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The Eisenhower Box For Increased Productivity

As the 34th President of the United States (1953 – 1961), Dwight D. Eisenhower was unbelievably productive. During his tenure in office he launched programs that directly led to:

  • the development of the Interstate Highway System,
  • the exploration of space (NASA), the signing into law the first major piece of civil rights legislation since the end of the Civil War,
  • the ending the Korean War,
  • the welcoming of Alaska and Hawaii into the union,
  • the launch of the internet (DARPA), and
  • the peaceful use of alternative energy sources (Atomic Energy Act).

He had an incredible ability to sustain his productivity not just for weeks or months, but for decades. It is because of this ability to ‘get things done’ that his methods for time management, task management, and productivity have been studied, and continue to be applied, by many people.

This super-human productivity was in large part brought about through his ability to prioritize and he achieved this through a matrix he created which is now dubbed the “Eisenhower Box”.

What Is The Eisenhower Box?

The Eisenhower Box is an easy and extremely effective way to prioritize and manage tasks and your time.

This visual method of time management splits tasks into four quadrants to help prioritize and complete them.

Boxes are labelled one to four, each with a specific action point: do, decide, delegate or do later.

  1. Do: Urgent and important – tasks to complete immediately.
  2. Decide: Important but not urgent – tasks that you should prioritize and schedule to prevent a last-minute rush.
  3. Delegate: Urgent but not important – urgent but menial tasks, like meetings that get in the way of the important ones.
  4. Do it later: Not urgent and not important – tasks that only serve to waste time and that you can remove from your to-do list or do them later.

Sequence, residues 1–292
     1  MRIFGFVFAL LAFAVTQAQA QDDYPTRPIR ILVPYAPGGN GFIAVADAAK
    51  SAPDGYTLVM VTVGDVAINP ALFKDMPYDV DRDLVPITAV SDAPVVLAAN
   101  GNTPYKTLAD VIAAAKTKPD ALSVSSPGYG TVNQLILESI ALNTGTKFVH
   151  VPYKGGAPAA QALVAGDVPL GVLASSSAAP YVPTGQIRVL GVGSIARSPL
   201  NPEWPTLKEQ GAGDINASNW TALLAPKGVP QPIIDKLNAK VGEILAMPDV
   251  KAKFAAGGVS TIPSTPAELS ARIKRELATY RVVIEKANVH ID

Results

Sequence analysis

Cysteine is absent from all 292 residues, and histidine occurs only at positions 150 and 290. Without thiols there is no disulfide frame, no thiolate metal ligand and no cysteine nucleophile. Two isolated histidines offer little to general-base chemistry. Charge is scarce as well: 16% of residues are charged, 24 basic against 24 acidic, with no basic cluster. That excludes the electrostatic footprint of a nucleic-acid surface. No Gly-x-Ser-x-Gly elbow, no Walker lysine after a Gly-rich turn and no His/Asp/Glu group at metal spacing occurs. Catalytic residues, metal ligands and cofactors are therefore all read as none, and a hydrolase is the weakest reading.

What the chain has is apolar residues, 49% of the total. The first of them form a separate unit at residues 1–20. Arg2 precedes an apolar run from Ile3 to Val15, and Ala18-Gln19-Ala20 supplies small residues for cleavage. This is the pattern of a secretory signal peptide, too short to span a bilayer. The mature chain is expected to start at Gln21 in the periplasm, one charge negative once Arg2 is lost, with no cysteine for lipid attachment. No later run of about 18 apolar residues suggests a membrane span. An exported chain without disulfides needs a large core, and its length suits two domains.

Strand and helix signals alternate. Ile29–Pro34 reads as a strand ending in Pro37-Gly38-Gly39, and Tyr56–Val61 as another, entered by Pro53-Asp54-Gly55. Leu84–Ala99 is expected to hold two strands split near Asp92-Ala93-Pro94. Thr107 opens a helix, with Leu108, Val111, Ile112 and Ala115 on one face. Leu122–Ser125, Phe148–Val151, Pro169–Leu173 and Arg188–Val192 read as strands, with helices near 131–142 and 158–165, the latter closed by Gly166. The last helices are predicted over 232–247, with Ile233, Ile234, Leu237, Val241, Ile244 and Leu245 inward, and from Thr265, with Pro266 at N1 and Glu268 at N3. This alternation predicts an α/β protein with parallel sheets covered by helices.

The fantastic thing about the Eisenhower Box is that it can be used for a broad array of productivity plans (“How should I spend my time each week?”) and for smaller, daily plans (“How should I spend my time today?”).

“What is important is seldom urgent and what is urgent is seldom important” – Dwight Eisenhower

Urgent vs. Important Tasks

Urgent tasks are time-sensitive responsibilities. They are the jobs that require swift attention and include things like phone calls, emails, meetings and immediate crises.

Important issues, on the other hand, are of greatest importance to the growth of your endeavour. They contribute to the big picture, however these are often pushed aside when urgent tasks force their way in. As Brett McKay says: “Important tasks are things that contribute to our long-term mission, values, and goals.”

“Who can define for us with accuracy the difference between the long and short term! Especially whenever our affairs seem to be in crisis, we are almost compelled to give our first attention to the urgent present rather than to the important future.

Dwight D. Eisenhower, 1961 address to the Century Association

As you can see, our important tasks often take a backseat to the high cadence urgent tasks that get strewn across our desks on a daily basis. This leads to feeling constantly ‘busy’ without truly accomplishing anything towards our greater vision.

As Tim Ferriss says, “Being busy is a form of laziness — lazy thinking and indiscriminate action.”

Distinguishing between “urgent” and “important” using the Eisenhower Box helps to visually compartmentalize your thoughts and thus make better decisions.

In this way, the Eisenhower Box provides guilt free permission to focus your attention on tasks that truly matter (the first two quadrants) while allowing you to eliminate anything that doesn’t positively contribute to your higher purpose.

This is useful to me as it makes me truly question whether a task is important…

  • Does it contribute toward my ultimate goal?
  • What are my core values that I am driving toward?

Conclusion

Eisenhower’s Urgent/Important Principle helps you quickly identify the activities that you should focus on, as well as the ones you should abruptly ignore.

“I have two kinds of problems, the urgent and the important. The urgent are not important, and the important are never urgent.

Dwight D. Eisenhower

When you use this tool to prioritize your time, you can increase productivity on tasks that contribute towards your important, longer-term goals without wasting time.

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